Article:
Rabbi Oury Cherki
Coping with the evil inclination
A. Four stages
The sages in Berachot (5a) deal with the ways one may cope with the evil inclination:
"R. Levi b. Chama said R. Shimon b. Lakish said: A man should always incite the good inclination to fight against the evil inclination, for it is written 'Tremble and sin not'. If he subdues it, well and good. If not, let him study the Torah, as it is written 'Commune with your own heart'. If he subdues it, well and good. If not, let him recite the Shema, as it is written 'Upon your bed'. If he subdues it, well and good. If not, let him remind himself of the day of death. For it is written 'And be still, Selah'."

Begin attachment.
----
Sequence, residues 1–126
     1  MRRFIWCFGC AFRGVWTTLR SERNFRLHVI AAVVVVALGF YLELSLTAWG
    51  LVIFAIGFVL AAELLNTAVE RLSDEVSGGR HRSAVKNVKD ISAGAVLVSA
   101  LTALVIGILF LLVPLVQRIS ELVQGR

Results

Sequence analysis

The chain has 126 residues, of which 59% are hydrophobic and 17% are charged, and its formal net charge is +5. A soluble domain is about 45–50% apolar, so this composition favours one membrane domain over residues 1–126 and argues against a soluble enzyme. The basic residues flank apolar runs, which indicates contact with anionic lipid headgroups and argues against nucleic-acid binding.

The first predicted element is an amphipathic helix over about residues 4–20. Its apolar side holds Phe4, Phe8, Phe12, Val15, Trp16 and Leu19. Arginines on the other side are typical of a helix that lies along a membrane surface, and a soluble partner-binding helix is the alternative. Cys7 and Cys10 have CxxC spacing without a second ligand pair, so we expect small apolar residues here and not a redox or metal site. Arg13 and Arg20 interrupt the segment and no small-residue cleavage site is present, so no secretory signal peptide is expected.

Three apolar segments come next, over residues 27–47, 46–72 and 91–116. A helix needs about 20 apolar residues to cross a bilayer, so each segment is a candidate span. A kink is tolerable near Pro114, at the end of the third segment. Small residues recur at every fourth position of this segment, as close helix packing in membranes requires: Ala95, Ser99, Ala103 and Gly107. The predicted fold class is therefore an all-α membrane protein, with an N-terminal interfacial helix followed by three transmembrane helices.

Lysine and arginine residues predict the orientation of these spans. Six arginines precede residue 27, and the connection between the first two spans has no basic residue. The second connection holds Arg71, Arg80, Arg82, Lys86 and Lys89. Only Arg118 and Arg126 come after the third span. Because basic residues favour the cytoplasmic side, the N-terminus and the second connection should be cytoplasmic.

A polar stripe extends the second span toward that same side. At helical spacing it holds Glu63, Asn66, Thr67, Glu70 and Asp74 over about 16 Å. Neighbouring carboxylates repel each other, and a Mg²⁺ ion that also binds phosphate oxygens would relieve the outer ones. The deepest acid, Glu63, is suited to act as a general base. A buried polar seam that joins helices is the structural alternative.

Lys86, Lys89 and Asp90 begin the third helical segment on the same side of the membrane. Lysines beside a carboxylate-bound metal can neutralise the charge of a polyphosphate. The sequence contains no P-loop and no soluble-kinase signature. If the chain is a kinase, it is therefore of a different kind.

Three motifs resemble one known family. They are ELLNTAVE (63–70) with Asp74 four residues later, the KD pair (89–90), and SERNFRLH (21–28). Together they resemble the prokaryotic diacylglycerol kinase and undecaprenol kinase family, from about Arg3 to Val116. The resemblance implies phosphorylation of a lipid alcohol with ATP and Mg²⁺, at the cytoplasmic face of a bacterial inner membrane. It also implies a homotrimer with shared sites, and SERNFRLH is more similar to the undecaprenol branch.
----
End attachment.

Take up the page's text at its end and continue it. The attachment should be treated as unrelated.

The first stage – "A man should always incite the good inclination to fight against the evil inclination"- describes the simple and endless struggle of the individual against the excessive demands of his impulses. Yet the continuation – "If he subdues it… If not…"- is hard to understand: If one's behavior is dependent upon his will alone, and he decided to subdue the evil inclination, why does he fail? Perhaps he fails because he is unsuccessful in identifying what is good and what is evil. He has the will to do good, yet he does not know how to mark the border between good and evil. Therefore, he must advance to the second stage: "Let him study the Torah". By studying the Torah one learns the exact boundary between good and evil, and he can then struggle with the evil that has been properly identified. But then a deeper problem may arise, because of which he cannot subdue it. When one becomes aware of the existence of evil, he begins to recognize the legitimacy of evil; for is not evil, too, a part of G-d's world? Where is our justification for fighting and imposing one part of Creation on another? If we accept the definition demonstrated in another of these articles, that the 'evil inclination' is 'love of this world', the struggle becomes even more problematic. Not only is the reality of the evil inclination legitimate, its reality is affixed to the life-forces of the individual himself. Man is asked to fight against his own life-forces, and occasionally even to get rid of aspects of his life that are dear to him. In such a situation, one must advance to the third stage: "Let him recite the Shema". The recital of the Shema (which states, 'Hear O Israel, the Lord is our G-d, the Lord is One') is the ultimate expression of monotheism. The moment it becomes clear to one that all forces in the world find their source in G-d, the struggle against evil becomes legitimate. If both good and evil play a part in a common Divine plan put in place by the one G-d, it is legitimate that the good should vanquish the evil.